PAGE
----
[Date Prev][Date Next][Thread Prev][Thread Next][Date Index][Thread Index]

Fwd: RE: RE: refineries



Scott provides a practical answer to my concern.  However, there is a wide 
schism between those involved in energy reduction and those involved in 
pollution prevention.  While there have been many serious attempts to 
narrow the wide gap, few have been very successful to date.  Energy 
reduction projects (especially those involved in PINCH) are just 
that.  They are assessed only on the energy reduction.  The environmental 
folks can take care of the extra hazardous wastes (these are NOT potential 
wastes).  The modifications that Scott mentions to minimize or reduce 
fouling are often ignored because of the cost or the extra time to design 
them in.  I hope that I did not discourage people from seeking energy 
reductions.  I meant only to discourage energy reduction programs that are 
conducted totally independent of pollution prevention efforts.  It is 
likely that this will cause MAJOR battles.  Energy reduction folks know how 
efficient they can be.  They bristle when you ask them to back off a bit to 
minimize other wastes and life cycle impacts.  I still believe that 
successful pollution prevention (resources and materials) is a game of give 
and take.  One has to balance all the issues around the operation of the 
process.  While there are many like Scott that do this well, there are many 
more that will seek their way or the highway when it comes to the sanctity 
of energy reduction.  Who knows?  Maybe I have just had some bad 
experiences in this area and remain a bit sensitive as a result.  Maybe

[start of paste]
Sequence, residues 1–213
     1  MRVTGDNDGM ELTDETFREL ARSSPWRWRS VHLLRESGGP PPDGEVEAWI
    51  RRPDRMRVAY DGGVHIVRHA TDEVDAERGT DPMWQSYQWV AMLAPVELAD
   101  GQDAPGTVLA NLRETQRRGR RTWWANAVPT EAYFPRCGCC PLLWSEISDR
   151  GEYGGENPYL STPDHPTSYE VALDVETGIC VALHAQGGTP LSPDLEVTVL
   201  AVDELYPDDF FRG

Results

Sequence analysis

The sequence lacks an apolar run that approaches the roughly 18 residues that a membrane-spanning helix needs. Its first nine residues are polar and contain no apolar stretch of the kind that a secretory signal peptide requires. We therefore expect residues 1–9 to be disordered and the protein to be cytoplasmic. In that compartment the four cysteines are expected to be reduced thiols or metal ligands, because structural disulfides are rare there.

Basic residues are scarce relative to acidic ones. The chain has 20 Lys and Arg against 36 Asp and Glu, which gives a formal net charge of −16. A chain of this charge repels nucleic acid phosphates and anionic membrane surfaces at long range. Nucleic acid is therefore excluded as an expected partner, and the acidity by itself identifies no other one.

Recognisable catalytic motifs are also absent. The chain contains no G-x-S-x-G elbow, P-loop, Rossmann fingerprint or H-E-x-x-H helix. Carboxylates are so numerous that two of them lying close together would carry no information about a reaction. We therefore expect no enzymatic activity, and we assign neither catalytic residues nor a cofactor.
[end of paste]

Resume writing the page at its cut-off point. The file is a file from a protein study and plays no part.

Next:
much of it was due to the use of pinch.  After all, who likes to be pinched?

Bob Pojasek

>Date: Sat, 19 May 2001 10:13:21 -0700
>From: "Butner, Robert S" <butner@BATTELLE.ORG>
>Subject: RE: RE: refineries
>To: 'Robert Pojasek ' <rpojasek@sprynet.com>,
>  "'p2tech@great-lakes.net '" <p2tech@great-lakes.net>
>Reply-to: Robert Pojasek <rpojasek@sprynet.com>
>X-Mailer: Internet Mail Service (5.5.2653.19)
>
>Bob, you raise a valid point, but with all due respect, without looking at a
>lifecycle trade-off, I'd hate to walk away from significant energy savings
>(and all of the resultant reductions in NOx, CO2, and fuel value) merely for
>a *potential* concern over fouling related wastes.  Energy integration of a
>refinery can lead to significant reductions in overall energy load so the
>amount of reductions in these wastes/emissions can be very significant.
>
>While fouling is a potential source of waste in any process environment,
>many heat exchangers operate in regimes of flow, fluid properties, and
>design such that fouling-related wastes can be significantly reduced or
>eliminated; further, some of the plate and frame designs and other
>exchangers designed to promote high turbulence can reduce fouling even in
>environments which otherwise might pose problems.
>
>Rather than dismiss energy integration (by whatever method) outright, a
>better approach might be to use pinch (or your favorite energy optimization